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Christian Saborowski, Sarah Sanya, Hans Weisfeld, and Juan Yepez
This paper examines the effectiveness of capital outflow restrictions in a sample of 37 emerging market economies during the period 1995-2010, using a panel vector autoregression approach with interaction terms. Specifically, it examines whether a tightening of outflow restrictions helps reduce net capital outflows. We find that such tightening is effective if it is supported by strong macroeconomic fundamentals or good institutions, or if existing restrictions are already fairly comprehensive. When none of these three conditions is fulfilled, a tightening of restrictions fails to reduce net outflows as it provokes a sizeable decline in gross inflows, mainly driven by foreign investors.
Mr. Helge Berger and Mr. Henning Weber

Front Matter Page European Department Contents I. Introduction II. Basic model A. The household and the MIU specification of money demand B. The money demand and the natural interest rate C. Linearized model III. Money demand as an indicator of the natural interest rate IV. Monetary policy A. Optimal policy coefficients and their interpretation B. Extensions of the basic model 1. Serially correlated shocks 2. Interest rate stabilization 3. Productivity shocks 4. Discount factor shocks V. A calibrated

Mr. Juan Sole
This paper studies a policy often used to defend a currency peg: raising short-term interest rates. The rationale for this policy is to stem demand for foreign reserves. Yet, this mechanism is absent from most monetary models. This paper develops a general equilibrium model with asset market frictions where this policy can be effective. The friction I emphasize is the same as in Lucas (1990): money is required for asset transactions. When the government raises domestic interest rates, agents want to increase their holdings of domestic currency in order to acquire more domestic-currency-denominated assets. Thus, agents do not run on the reserves of the central bank, and the peg survives. A key implication of the model is that an interest rate defense can always be successful, but at great costs for domestic agents. Hence the reluctance of governments to sustain this policy for long periods of time.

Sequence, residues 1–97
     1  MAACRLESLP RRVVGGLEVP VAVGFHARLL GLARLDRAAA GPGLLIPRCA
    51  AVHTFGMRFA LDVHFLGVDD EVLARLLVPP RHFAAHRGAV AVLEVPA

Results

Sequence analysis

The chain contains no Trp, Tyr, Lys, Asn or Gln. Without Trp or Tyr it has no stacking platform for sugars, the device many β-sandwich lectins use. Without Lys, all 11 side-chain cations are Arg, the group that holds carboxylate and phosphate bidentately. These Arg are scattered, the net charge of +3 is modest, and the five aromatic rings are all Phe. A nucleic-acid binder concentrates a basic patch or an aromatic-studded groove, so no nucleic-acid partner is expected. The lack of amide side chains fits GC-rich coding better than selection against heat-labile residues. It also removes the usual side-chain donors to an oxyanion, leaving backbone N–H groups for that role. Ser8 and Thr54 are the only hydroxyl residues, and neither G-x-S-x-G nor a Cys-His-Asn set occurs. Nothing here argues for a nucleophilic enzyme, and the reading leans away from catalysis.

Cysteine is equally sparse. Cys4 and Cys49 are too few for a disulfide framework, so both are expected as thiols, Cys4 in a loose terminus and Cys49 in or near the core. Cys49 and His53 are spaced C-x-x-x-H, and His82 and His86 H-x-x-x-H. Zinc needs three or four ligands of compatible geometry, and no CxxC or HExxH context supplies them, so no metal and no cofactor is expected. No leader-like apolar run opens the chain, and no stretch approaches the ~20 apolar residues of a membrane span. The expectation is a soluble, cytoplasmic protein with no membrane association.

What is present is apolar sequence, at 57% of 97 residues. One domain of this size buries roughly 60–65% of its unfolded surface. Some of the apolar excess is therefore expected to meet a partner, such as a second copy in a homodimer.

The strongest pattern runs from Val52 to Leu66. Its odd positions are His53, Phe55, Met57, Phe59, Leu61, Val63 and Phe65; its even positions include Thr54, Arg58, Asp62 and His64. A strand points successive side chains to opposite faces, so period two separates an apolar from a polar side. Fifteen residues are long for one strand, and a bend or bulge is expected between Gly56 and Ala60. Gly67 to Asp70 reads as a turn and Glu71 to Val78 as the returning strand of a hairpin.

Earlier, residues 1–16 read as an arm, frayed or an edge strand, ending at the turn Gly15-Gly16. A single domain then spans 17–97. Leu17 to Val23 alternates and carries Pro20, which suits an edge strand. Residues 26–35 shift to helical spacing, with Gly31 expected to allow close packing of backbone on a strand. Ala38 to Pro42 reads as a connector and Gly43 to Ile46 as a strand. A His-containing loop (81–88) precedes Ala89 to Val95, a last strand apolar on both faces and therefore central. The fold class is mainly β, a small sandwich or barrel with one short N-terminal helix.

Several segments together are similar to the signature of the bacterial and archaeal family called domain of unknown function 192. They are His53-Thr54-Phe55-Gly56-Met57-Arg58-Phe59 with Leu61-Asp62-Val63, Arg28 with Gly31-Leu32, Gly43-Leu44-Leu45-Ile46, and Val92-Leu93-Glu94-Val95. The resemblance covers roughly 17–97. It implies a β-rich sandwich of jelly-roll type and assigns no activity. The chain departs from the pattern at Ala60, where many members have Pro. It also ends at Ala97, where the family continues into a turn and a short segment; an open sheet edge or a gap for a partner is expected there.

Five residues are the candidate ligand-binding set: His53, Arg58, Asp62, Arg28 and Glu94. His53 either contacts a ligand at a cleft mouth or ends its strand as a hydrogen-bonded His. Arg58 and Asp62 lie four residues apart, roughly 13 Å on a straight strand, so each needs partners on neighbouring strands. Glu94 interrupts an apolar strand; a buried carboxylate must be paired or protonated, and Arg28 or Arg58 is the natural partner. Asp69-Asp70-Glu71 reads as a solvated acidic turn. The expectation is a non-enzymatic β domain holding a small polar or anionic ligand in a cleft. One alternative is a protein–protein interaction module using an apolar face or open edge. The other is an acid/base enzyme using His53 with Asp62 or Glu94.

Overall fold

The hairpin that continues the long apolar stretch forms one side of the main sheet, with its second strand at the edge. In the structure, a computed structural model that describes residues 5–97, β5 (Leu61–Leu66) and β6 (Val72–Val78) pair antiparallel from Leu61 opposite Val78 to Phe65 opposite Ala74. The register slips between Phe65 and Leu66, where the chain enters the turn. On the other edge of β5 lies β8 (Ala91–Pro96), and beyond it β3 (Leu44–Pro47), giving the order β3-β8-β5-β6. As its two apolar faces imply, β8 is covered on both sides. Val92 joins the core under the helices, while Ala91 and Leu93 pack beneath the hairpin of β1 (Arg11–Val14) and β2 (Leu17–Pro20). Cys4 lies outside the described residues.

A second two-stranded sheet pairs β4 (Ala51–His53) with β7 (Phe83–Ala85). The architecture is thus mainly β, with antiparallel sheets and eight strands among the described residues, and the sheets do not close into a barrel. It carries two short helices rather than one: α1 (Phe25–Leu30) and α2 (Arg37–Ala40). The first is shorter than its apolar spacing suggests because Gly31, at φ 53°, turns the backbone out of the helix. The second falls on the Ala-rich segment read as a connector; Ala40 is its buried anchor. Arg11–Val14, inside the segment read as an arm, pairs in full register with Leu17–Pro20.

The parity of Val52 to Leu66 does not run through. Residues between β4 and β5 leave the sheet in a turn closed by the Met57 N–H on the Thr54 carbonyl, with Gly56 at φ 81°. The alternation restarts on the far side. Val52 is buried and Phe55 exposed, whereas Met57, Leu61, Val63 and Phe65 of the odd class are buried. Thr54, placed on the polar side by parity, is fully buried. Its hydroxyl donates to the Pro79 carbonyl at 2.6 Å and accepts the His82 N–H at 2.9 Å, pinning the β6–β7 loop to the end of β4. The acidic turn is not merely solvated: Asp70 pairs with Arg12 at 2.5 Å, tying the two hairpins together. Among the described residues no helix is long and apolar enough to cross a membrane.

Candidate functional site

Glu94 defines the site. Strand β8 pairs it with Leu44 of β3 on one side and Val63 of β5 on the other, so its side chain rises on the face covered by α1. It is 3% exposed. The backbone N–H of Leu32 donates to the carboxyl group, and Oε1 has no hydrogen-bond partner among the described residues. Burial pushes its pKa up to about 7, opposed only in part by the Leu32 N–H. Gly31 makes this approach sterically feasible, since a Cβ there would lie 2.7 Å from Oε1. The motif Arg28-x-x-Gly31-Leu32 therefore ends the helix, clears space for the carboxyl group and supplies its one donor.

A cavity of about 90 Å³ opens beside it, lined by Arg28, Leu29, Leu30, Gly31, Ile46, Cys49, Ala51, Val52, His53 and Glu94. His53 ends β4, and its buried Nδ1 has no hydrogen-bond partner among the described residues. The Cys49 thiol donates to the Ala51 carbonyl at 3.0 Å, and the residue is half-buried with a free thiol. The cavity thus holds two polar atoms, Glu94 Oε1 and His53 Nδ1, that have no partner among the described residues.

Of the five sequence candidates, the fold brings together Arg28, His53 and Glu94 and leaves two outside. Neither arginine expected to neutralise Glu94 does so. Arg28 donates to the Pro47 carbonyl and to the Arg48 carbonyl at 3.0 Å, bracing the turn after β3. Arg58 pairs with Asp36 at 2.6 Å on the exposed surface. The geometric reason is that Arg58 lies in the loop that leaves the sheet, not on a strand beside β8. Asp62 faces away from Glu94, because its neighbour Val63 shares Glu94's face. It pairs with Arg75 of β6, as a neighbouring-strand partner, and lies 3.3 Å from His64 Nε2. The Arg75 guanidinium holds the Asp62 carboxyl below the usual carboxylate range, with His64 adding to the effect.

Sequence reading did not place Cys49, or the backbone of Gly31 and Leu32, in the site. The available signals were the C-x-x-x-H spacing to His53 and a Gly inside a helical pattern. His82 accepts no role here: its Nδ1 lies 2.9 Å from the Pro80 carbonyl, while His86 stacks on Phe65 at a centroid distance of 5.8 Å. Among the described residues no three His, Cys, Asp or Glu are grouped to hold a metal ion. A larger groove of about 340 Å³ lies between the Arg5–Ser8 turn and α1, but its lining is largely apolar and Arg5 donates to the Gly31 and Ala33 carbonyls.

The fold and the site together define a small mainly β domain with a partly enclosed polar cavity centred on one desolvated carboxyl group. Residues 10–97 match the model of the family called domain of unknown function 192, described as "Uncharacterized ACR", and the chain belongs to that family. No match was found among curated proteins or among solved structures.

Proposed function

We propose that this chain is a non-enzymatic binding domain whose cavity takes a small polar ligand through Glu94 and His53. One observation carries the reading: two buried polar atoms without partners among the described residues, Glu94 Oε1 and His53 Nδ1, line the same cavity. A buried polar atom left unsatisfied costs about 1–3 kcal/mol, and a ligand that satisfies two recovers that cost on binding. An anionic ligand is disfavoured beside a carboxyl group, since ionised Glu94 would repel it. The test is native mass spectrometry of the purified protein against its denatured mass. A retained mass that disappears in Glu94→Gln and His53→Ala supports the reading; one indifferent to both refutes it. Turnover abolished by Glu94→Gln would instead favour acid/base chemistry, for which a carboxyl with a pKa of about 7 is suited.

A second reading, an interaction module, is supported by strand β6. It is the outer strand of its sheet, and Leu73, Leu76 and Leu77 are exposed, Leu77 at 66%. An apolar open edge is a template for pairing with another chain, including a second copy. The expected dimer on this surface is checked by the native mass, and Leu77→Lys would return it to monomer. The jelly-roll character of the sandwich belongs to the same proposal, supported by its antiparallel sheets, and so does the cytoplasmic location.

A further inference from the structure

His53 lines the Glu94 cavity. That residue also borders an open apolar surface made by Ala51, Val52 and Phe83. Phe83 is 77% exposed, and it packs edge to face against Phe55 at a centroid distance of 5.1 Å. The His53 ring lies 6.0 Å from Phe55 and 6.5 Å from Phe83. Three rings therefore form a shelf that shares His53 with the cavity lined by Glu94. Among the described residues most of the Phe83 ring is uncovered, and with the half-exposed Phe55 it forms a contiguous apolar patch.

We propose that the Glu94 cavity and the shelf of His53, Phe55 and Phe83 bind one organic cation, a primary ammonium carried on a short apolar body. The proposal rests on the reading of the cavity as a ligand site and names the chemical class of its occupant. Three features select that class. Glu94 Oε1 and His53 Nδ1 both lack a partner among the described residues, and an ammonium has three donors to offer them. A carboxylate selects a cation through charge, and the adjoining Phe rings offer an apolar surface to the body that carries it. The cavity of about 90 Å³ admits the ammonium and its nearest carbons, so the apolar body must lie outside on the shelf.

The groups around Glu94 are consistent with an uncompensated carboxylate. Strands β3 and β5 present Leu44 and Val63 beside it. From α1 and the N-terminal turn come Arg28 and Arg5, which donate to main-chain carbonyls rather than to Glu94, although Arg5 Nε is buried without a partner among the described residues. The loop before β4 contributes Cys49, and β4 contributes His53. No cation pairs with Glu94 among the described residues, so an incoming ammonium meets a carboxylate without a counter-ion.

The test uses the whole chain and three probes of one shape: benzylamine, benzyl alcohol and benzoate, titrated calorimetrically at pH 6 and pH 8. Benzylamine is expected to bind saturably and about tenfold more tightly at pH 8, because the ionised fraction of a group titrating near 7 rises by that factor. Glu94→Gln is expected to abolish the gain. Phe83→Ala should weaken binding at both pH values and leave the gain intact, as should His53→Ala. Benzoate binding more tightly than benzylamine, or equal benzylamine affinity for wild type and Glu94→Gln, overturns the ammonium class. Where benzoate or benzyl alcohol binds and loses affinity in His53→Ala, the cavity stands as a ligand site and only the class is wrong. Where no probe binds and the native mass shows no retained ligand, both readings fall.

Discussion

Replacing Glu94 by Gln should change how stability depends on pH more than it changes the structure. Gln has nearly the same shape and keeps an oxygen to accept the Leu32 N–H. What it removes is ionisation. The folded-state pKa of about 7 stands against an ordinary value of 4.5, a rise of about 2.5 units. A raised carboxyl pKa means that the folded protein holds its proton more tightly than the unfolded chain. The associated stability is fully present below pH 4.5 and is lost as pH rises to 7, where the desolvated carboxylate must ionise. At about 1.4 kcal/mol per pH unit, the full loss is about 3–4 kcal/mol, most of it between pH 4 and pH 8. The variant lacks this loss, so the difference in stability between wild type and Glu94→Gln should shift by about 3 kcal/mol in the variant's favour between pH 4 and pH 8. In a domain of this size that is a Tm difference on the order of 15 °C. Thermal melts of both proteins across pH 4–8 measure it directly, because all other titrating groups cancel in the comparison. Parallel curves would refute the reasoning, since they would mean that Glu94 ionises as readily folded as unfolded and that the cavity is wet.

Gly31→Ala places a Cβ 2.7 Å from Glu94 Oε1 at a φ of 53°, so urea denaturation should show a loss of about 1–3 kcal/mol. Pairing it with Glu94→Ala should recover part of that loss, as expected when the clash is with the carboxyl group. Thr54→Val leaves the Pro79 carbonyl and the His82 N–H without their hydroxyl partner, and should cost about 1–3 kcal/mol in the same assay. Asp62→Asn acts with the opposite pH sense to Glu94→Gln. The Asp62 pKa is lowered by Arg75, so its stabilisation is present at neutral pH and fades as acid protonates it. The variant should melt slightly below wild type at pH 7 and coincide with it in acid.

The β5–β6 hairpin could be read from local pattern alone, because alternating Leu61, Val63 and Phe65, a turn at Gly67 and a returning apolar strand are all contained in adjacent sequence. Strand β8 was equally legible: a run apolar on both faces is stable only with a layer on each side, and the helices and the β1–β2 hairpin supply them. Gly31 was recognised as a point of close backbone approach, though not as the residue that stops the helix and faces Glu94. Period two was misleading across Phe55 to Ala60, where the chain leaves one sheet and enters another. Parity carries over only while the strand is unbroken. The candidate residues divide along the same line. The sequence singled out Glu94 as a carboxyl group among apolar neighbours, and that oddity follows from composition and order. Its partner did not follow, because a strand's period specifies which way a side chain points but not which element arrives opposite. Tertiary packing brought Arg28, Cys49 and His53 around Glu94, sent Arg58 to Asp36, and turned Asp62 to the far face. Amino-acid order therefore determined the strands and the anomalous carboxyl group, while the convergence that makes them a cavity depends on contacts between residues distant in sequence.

Mr. Abbas Mirakhor and Delano Villanueva

strengthen bank supervision while regulating interest rates Stabilize economy and maintain supervision: begin gradual interest rate liberalization Maintain economic stability and boost supervision: while enhancing supervision, temporarily regulate interest rates Maintain economic stability and supervision: can liberalize interest rates simultaneously Step 2 Liberalize interest rates Completely liberalize interest rates Liberalize interest rates Note: UM denotes unstable macroeconomy; SM denotes stable macroeconomy; IS denotes inadequate bank

International Monetary Fund

adjustments in interest rates, and contributed to Mexico’s impressive record in reducing inflation. Many Directors considered, however, that as inflation and interest rates stabilize at low levels, a short-term interest rate target would provide a greater degree of monetary control and increase transparency, thereby helping to keep inflation within a narrow target range and communicating the authorities’ monetary policy intentions more clearly. At the same time, given the importance of correct timing and careful management of the transition process, they considered that the